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A Mandate to Save the Meramec

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Published on: Nov. 2, 2003

Last revision: Nov. 16, 2010

It was July 4, 1974, Independence Day, but the memory is as clear as though it happened yesterday. The prow of our canoe had hardly touched the gravel when my canoe partner jumped out, planted her feet solidly on the gravel bar, put her hands on her hips, turned to face me, and with trembling lips declared, "Daddy, you've got to do something!"

This passionate mandate was issued by my young daughter, JJ. The scene was the end of a memorable family float trip on part of the Upper Meramec River, a river apparently doomed to be dammed by the U.S. Army Corps of Engineers. I was floating the river that day because the U.S. Fish and Wildlife Service and Missouri Department of Conservation had decided to "reinvestigate" the impacts of the proposed dam on this particular stretch of the river. I was the MDC employee assigned to assist with this effort.

As we meandered downstream, I pointed out proposed reservoir levels, as well as what would be lost. Lost bluffs, lost riffles, lost overhanging branches, lost gravel bars, lost places to seine for fish. We would be losing a river, a legacy and a way of life. These were changes JJ and Jeff could comprehend.

My son, Jeff, and JJ grew quieter as we pulled out at the site of the soon-to-be-constructed dam. Surveyors' ribbons festooned nearby trees. A cleared path ran perpendicular to the river up the bluffs on both sides, creating a scar marking where the centerline of the dam would be.

Sensing a loss too profound for words, my daughter turned to the adult in her life who was supposed to make everything better and defiantly demanded that I right this wrong. My mission on this project immediately took on a very personal bent.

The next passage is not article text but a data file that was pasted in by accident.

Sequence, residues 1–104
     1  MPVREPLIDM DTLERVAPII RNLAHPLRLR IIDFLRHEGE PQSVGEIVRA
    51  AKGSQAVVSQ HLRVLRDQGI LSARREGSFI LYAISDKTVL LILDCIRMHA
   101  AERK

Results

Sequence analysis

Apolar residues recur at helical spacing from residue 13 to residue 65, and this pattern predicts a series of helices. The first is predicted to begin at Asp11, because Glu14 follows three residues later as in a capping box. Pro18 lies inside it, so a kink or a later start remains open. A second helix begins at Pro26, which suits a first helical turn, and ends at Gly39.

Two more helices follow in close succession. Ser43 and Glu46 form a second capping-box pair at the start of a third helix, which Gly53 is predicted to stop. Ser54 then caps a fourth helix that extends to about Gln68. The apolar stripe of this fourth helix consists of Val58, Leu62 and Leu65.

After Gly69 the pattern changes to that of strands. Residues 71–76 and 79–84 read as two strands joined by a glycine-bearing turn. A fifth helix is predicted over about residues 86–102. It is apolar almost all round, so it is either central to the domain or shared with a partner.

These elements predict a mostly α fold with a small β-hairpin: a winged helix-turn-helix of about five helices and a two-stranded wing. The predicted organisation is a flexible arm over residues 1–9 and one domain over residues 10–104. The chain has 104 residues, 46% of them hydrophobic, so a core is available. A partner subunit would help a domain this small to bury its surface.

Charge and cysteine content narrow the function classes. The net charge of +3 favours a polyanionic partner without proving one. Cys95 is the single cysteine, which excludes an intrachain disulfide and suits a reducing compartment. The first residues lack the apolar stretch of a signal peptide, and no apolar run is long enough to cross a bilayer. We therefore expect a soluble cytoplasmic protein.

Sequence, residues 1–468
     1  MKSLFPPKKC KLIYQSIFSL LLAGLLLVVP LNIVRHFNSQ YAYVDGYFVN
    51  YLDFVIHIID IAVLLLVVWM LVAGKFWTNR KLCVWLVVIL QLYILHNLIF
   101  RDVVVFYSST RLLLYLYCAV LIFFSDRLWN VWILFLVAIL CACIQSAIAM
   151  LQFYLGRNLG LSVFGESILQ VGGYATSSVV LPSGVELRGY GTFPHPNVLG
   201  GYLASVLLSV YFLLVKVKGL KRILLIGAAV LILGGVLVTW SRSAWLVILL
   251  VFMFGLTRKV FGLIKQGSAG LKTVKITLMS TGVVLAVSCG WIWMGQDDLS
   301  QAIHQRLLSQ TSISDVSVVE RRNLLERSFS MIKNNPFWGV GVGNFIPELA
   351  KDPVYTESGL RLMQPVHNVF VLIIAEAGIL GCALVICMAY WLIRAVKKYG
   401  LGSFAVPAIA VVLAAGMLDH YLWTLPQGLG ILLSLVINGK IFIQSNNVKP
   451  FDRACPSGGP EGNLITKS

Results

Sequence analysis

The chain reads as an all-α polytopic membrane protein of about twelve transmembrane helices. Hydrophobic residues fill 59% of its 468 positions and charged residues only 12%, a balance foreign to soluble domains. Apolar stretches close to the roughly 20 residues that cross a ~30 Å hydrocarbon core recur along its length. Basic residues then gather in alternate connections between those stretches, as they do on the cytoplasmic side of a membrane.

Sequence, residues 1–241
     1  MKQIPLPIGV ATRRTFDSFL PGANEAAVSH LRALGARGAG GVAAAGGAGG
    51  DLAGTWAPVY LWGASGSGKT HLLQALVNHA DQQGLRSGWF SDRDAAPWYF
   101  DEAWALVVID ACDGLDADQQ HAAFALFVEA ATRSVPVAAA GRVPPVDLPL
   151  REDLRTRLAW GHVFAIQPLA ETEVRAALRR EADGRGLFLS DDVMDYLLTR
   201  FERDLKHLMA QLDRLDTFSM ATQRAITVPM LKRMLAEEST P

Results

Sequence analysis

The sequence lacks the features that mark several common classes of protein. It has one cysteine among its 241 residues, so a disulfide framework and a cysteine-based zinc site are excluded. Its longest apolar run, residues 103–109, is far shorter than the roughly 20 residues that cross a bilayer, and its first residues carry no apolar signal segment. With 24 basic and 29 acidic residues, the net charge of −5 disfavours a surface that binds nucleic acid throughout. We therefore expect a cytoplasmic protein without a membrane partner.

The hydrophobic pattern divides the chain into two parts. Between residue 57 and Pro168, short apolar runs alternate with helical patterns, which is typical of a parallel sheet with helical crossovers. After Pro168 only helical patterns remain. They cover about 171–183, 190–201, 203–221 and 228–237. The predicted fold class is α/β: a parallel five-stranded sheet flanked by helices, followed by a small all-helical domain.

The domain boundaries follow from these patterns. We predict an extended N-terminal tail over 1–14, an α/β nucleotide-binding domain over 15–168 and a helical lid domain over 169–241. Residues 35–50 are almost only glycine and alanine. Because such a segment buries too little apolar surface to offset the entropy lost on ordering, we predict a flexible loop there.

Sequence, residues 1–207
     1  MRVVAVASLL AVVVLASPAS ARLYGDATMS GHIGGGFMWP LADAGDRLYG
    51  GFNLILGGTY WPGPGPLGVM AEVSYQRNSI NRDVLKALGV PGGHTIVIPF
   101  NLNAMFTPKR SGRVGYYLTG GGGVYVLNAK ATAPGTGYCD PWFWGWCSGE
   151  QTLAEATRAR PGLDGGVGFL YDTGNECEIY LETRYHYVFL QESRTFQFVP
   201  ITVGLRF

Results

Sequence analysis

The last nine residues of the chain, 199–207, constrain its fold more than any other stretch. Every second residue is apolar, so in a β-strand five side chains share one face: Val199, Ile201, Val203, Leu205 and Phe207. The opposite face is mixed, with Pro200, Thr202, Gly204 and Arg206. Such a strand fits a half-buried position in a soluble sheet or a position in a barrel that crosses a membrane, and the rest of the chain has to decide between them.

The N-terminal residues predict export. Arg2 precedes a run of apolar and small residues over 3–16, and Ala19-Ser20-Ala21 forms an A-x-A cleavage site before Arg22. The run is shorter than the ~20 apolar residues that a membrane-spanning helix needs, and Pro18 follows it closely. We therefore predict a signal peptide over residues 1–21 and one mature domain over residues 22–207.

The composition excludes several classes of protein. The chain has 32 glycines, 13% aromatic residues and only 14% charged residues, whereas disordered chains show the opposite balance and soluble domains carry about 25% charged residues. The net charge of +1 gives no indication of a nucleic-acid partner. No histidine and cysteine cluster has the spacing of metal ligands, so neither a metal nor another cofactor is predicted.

JJ is now a grown woman with a remarkable conservation career of her own. I'm not sure she recalls that particular float trip or the challenge she hurled at me that day. She will never know the heaviness in my heart as we left the river. I knew that the beauty and soul-refreshing experience my family enjoyed on the Meramec that day was worth its weight in gold. Quantifying that experience into data meaningful to others was to be an all-consuming challenge for the next six years.

To the newest generation of conservation workers, it is worth noting that those were opportune years for professionals trying to protect our natural resources from detrimental environmental impacts. The passage of the National Environmental Policy Act (NEPA), the Endangered Species Act and other new laws addressed the concerns of the people. Our challenge was to figure out how to effectively use these tools.

Despite a national trend toward a more environmentally conscious society, the Missouri delegation in Congress in 1974 and the Army Corps of Engineers still supported building the dam on the Meramec, as well as four more dams on other streams in the basin. Our daunting task under the new federal mandates was to educate federal decision makers of the merits or impacts of each individual project based on scientific evidence of cause-and-effect consequences to fish and wildlife.

Regarding the Meramec River, creating the proposed 23,000-acre flood control lake where one never existed before, and the resulting conversion of miles of free flowing Ozark streams to flat water, indicated there would be significant gains and losses.

Naturally, this issue spawned the question of whether the good outweighed the bad. People in the region that would be affected had to ask themselves what they really wanted. Project advocates, who were primarily interested in advancing their cause, had ready answers to these questions.

NEPA, however, spawned deeper, more specific and more pointed questions. Furthermore, it demanded science based answers to questions stemming from concern for the tradeoffs to both natural habitats and human society. In short, it changed the definitions of desirable and undesirable, as well as the definitions of good and bad.

As a young professional with Missouri Department of Conservation, I had the good fortune of working with the leaders in the emerging science of assessing environmental impacts to wildlife habitat. In the fall of 1974, we applied our tested methodologies to the affected habitats in the Upper Meramec Valley. Results confirmed that habitat losses would be substantial and devastating.